Soprano Julia Sitkovetsky, cellist Alban Gerhardt and pianist Roger Vignoles open the weekend (18 Oct, 8pm), with Britten’s poignant Pushkin settings set alongside Shostakovich’s Hebrew Songs. More direct comparison between Britten and Shostakovich is possible as Gerhardt and Vignoles play each composer’s cello sonatas. Britten’s solo cello works are dedicated to Rostropovich and encapsulate a world of fluctuating emotional states. Gerhardt and Vignoles perform Nos 1 & 3 alongside Prokofiev’s Five Poems of Anna Akhmatova and Rachmaninov’s Six Songs, sung by Sikovetsky (19 Oct, 11am). Gerhardt performs Britten’s quasi-concerto with BBC National Orchestra of Wales, which Rostropovich encouraged him to write: a big-hearted and intense work which places immense demands on the soloist. Conductor Jac van Steen leads the orchestra through Shostakovich’s Symphony No 10, a similarly epic composition which starts in dark desolation and ends in dazzling brightness (19 Oct, 7:30pm). The weekend concludes with the recreation of the 1960 London concert at which Britten was first introduced to future friends Rostropovich and Shostakovich: a concert that was to have far-reaching consequences. BBC National Orchestra of Wales, conducted by van Steen are joined by cellist Laura van der Heijden for Shostakovich’s Cello Concerto which is bookended by Britten’s Young Person’s Guide to the Orchestra and Rachmaninov’s Symphony No. 3 (20 Oct, 3pm).

English Touring Opera, Friday 25 – Saturday 26 October

This autumn ETO presents two plays-with-music: Mozart’s light comedy The Seraglio and Weill’s The Silver Lake – A Winter’s Tale. Mozart was conscious of his Viennese audience’s fascination with all things eastern in The Seraglio. Conducted by John Andrews and directed by Stephen Medcalf, the singspiel has some of Mozart’s most passionate, difficult and wittiest music (25 October, 7:30pm). Kurt Weill’s The Silver Lake – A Winter’s Tale is laced with his deep social convictions. This was his last work in Germany and was written in collaboration with poetic playwright Georg Kaiser. It was shut down by the Nazi authorities in 1933 and left unperformed for many years: for many it is his masterpiece (26 October, 7:30pm).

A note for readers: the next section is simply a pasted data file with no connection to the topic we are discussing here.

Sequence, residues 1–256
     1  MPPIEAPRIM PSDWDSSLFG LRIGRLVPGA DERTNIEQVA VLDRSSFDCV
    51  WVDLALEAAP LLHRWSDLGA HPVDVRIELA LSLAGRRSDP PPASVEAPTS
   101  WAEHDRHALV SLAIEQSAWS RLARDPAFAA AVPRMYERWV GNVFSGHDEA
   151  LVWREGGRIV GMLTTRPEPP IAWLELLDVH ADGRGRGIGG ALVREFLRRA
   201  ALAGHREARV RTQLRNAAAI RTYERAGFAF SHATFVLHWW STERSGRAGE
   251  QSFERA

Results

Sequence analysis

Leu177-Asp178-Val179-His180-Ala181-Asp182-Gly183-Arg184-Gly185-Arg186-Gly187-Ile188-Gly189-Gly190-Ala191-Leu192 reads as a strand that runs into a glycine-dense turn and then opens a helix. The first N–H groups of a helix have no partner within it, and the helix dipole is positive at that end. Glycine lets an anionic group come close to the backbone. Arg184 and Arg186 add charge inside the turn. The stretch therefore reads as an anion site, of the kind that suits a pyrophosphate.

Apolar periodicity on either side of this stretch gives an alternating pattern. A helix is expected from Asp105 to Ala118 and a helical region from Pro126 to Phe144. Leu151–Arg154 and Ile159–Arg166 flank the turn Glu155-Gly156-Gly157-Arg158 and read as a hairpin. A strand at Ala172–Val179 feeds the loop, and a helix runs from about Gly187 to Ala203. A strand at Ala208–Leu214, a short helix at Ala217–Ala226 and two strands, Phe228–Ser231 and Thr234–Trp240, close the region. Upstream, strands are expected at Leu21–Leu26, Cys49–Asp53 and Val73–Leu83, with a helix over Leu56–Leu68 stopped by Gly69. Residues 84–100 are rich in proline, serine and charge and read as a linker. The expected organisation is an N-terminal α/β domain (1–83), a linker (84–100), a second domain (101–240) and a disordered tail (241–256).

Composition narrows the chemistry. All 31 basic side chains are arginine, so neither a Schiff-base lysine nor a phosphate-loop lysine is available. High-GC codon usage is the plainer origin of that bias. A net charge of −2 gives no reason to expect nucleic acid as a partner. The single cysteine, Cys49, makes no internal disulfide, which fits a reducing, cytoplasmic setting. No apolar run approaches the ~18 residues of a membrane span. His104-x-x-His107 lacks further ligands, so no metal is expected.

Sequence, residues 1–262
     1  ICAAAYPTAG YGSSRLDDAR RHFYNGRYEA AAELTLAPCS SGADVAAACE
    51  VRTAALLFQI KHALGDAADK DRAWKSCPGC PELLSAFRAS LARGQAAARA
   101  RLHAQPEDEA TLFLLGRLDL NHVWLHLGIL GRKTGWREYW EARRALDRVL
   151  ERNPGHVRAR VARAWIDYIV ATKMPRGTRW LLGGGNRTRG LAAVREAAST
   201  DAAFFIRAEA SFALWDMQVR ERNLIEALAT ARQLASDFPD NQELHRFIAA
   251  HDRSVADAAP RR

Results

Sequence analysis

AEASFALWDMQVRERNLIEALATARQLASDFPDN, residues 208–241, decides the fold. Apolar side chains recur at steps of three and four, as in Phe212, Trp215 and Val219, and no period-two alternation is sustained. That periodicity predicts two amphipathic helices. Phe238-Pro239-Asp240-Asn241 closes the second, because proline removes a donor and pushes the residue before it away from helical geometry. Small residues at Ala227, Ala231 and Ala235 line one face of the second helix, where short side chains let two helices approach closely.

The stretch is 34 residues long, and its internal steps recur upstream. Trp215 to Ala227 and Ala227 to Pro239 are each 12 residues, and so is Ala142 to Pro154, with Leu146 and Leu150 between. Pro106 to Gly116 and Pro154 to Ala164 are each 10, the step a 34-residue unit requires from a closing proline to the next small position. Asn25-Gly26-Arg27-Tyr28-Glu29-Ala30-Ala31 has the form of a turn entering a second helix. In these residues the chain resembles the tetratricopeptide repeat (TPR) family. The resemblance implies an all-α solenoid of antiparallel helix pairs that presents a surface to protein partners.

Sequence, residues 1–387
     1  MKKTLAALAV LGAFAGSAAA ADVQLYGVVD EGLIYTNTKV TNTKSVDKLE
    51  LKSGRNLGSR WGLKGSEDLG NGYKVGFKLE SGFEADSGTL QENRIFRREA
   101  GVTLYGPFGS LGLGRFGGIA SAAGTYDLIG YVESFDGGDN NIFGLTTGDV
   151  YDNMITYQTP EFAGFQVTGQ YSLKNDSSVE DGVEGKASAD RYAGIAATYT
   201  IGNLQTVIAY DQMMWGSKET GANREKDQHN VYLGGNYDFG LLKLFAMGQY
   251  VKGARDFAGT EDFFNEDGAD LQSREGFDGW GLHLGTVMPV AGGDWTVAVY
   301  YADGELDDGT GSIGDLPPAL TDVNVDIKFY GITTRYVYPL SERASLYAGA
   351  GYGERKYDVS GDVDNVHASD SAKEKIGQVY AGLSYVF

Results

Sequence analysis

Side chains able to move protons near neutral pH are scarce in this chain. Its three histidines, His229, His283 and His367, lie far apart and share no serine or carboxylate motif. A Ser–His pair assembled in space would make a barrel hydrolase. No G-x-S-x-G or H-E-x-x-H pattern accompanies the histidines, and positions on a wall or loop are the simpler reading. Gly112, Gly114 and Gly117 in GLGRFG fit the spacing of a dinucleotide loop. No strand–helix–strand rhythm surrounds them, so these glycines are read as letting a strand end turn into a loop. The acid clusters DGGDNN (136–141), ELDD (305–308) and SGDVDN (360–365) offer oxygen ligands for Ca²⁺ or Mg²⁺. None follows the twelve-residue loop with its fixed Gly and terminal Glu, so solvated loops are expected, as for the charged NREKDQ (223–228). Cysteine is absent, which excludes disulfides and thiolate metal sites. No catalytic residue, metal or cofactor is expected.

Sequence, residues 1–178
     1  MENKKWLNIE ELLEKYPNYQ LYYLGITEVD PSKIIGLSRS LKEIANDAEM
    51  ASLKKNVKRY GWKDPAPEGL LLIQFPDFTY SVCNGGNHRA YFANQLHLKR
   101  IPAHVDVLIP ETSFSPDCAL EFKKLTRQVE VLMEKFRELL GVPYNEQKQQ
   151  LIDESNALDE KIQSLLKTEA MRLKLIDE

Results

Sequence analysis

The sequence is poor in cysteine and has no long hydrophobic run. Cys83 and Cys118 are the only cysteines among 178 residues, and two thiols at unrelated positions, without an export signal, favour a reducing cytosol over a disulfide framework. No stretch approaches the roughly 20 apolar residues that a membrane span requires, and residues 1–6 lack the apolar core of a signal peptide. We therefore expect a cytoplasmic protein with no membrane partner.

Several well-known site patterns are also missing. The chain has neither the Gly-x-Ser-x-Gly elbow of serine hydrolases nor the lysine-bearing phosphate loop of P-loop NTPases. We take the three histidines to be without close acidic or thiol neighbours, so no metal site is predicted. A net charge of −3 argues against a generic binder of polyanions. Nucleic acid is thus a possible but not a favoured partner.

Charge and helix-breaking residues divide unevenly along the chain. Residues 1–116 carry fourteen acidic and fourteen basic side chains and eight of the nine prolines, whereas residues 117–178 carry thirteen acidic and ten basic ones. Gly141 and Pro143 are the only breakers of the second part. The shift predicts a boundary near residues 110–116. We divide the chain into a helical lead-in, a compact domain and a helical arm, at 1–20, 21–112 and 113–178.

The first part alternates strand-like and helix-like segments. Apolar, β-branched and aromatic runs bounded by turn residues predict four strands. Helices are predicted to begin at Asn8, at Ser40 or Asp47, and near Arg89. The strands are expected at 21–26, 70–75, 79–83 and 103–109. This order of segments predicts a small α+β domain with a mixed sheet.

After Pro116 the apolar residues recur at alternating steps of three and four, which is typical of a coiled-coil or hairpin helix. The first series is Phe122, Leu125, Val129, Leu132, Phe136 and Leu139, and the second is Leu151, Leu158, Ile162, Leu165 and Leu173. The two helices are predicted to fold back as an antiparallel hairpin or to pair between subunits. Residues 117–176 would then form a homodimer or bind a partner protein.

Richard Alston Dance Company: Final Edition, Friday 1 – Saturday 2 November

As it celebrates the tenth year of the Jerwood DanceHouse, DanceEast presents Richard Alston Dance Company’s fifth visit to Snape Maltings as part of the company’s final tour – a significant moment for dance in the UK. Snape Maltings and the music of Benjamin Britten have long been important to Alston’s and for RADC’s final appearance in Suffolk, the company gives the world premiere of his new piece Shine On, danced to a live performance by soprano Katherine McIndoe and pianist Jason Ridgway of Britten’s first published songs, the W.H Auden settings On This Island. Ridgeway also plays for Brahms Hungarian, danced to Brahms’ hugely popular Hungarian Dances. This special programme for Snape also includes Voices and Light Footsteps, inspired by Monteverdi madrigals and sinfonias while the pulsating music of American composer Michael Gordon accompanies Martin Lawrence’s thrillingly energetic Detour.

Christmas at Snape

The grandeur and unbridled joy of the start of Bach’s Christmas Oratorio is one of the great openings in music, and tells the story of the nativity in six cantatas, of which four are performed (20 Dec, 7.30pm). The BBC Concert Orchestra conducted by Barry Wordsworth perform the music from Act II of Tchaikovsky’s ballet The Nutcracker before Soprano Susan Gritton takes centre stage for more Christmas music and a fantasy on the best-loved carols (Sat 21 Dec, 7:30pm). Bring the whole family to experience the magic of The Snowman on the big screen with music performed live by The Suffolk Ensemble, conducted by Ben Parry. Roald Dahl’s adaptation of Little Red Riding Hood is narrated by Radio 4’s Zeb Soanes in Paul Patterson’s charming orchestral piece for children (Sun 22 Dec, 1:30pm & 4pm).